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I've followed a half-dozen different tutorials on setting up chroot for sftp users, but my jailed users can still browse up into parent directories. I suspect my permissions aren't set up correctly, because this is the part that varies the most between the tutorials. Here's what I've done so far:

1) I'm using CentOS 5.6, where the default OpenSSH is version 4.3, so I manually installed the latest 5.x version. Running sshd -v now returns OpenSSH_5.9p1, OpenSSL 0.9.8e-fips-rhel5.

2) I edited /etc/ssh/sshd_config to change Subsystem sftp to internal-sftp, and added:

Match user guest
ChrootDirectory %h
X11Forwarding no    
AllowTcpForwarding no
ForceCommand internal-sftp

3) Restarted sshd.

4) Created a user "guest" with home directory /var/www/uploads/guest.

5) /var/www/uploads is owned by root:root with mode 755.

6) /var/www/uploads/guest is owned by guest:root with mode 755.

Using the Transmit sftp client on my Mac, I logged in with the guest user. It opens the user's home directory by default, but I can then navigate up the directory levels and browse other directories on the server.

Some tutorials say /var/www/uploads should have mode 700 or 750; if I do this, I can still log in as the guest user, but I see the server root directory by default and can browse all other directories.

Other tutorials say I should change the guest user's shell to /bin/false; if I do this, I can't log in as the guest user at all. Transmit says "The user name or password was not accepted by the server" and the command-line sftp client says "Connection closed" after I enter the password.

I think I've tried everything -- can someone see what's missing?

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2 Answers 2

up vote 0 down vote accepted

Looks like the ChrootDirectory should point to one level ABOVE the home directory.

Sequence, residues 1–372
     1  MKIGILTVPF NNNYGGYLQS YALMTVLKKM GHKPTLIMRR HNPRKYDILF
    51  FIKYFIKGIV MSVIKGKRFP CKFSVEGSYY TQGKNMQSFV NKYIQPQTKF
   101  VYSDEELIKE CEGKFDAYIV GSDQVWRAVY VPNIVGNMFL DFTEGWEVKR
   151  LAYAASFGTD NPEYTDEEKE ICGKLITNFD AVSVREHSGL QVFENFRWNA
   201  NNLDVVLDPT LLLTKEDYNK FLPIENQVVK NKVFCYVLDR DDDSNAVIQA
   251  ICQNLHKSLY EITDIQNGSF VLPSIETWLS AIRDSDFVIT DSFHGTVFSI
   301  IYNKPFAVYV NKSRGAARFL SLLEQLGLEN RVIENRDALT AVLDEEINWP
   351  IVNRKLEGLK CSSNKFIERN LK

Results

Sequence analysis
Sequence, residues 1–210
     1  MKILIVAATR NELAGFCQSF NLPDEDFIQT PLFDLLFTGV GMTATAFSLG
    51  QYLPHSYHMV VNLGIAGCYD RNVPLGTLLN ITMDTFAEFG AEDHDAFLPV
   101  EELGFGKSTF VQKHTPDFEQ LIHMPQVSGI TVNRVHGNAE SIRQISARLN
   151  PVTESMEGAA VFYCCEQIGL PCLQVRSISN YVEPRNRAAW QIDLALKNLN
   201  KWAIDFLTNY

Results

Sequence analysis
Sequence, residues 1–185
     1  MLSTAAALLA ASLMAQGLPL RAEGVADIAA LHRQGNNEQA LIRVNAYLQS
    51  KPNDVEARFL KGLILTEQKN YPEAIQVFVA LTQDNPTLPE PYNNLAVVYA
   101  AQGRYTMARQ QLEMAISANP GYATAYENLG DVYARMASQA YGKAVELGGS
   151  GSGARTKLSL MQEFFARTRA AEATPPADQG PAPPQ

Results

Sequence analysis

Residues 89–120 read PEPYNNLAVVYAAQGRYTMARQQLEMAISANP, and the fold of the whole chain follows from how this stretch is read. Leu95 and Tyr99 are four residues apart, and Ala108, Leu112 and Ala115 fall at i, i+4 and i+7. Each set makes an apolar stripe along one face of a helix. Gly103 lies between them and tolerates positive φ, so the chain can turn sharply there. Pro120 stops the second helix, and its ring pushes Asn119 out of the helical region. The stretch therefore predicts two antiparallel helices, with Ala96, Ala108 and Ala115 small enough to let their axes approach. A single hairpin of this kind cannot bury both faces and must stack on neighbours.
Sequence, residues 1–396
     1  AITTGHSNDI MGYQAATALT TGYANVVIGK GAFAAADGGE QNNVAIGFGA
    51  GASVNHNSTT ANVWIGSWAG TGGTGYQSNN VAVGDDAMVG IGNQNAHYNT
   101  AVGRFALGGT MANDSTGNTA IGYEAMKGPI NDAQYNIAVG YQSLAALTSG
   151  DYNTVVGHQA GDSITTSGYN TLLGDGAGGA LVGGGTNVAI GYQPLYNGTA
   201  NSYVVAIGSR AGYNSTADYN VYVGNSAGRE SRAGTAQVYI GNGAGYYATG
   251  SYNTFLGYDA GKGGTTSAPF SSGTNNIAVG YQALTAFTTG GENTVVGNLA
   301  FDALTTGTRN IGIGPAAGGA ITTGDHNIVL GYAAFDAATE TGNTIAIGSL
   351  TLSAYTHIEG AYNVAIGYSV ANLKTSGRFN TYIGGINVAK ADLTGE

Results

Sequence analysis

So since guest's home is /var/www/uploads/guest, then the ChrootDirectory should point to /var/www/uploads

That's a MAYBE.... another thought occurred to me:

You manually installed the newer openssh, did you remove the old version? Where did the new version get installed? sometimes, if you're not careful, new stuff will get installed into /usr/local/ instead of /usr, meaning the sftp enabled server is reading its config files from /usr/local/etc/ssh/... instead of the expected /etc/ssh/...

Something to check at least.

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You got it! My new installation of sshd put the binary in the same place as before, but put the config file into /usr/etc instead of /etc/ssh, so I was editing a config file that was no longer used. Although /etc/ssh is the location referenced by all tutorials and by the man page, I couldn't find a config option that would use that location, so I just made my updates to the new config file and now things are working as expected. –  arlomedia Jul 2 '12 at 23:15
    
By the way, I did need to set up the directories so that the user's home directory is inside the chroot directory. I had tried that earlier, but since the chroot wasn't enabled at all, it didn't seem to make a difference. I did not, however, need to change the user's shell since that is disabled automatically when chrooting, although I suppose it wouldn't hurt. –  arlomedia Jul 2 '12 at 23:16
    
No idea, but certainly pretty easy to test. Glad you got it figured out. (The 'command' you're looking for was probably a --prefix= option on the configure command, I'd have to look it up for sure though) –  lornix Jul 2 '12 at 23:34
    
Yes, I had tried several values for --prefix, but couldn't find a value that would put both the binaries and the config file into their original locations. I found one tutorial mentioning that the default location of sshd_config is different in newer versions, but the man pages still refer to /etc/ssh. I suppose I could post this as a separate question, but I'm satisfied with my current setup. –  arlomedia Jul 3 '12 at 18:51

I've struggled with the exact same problem, but solved it by setting up the chrooted directory as well as all parent directories with the following permissions

1) Changing owner to root:

sudo chown root [directory]

2) Removing all group write permissions:

sudo chmod 755 [directory]

Sadly I think that means you can't directly jump to a folder not owned by root, but will be happy to hear if anyone can correct me on this!

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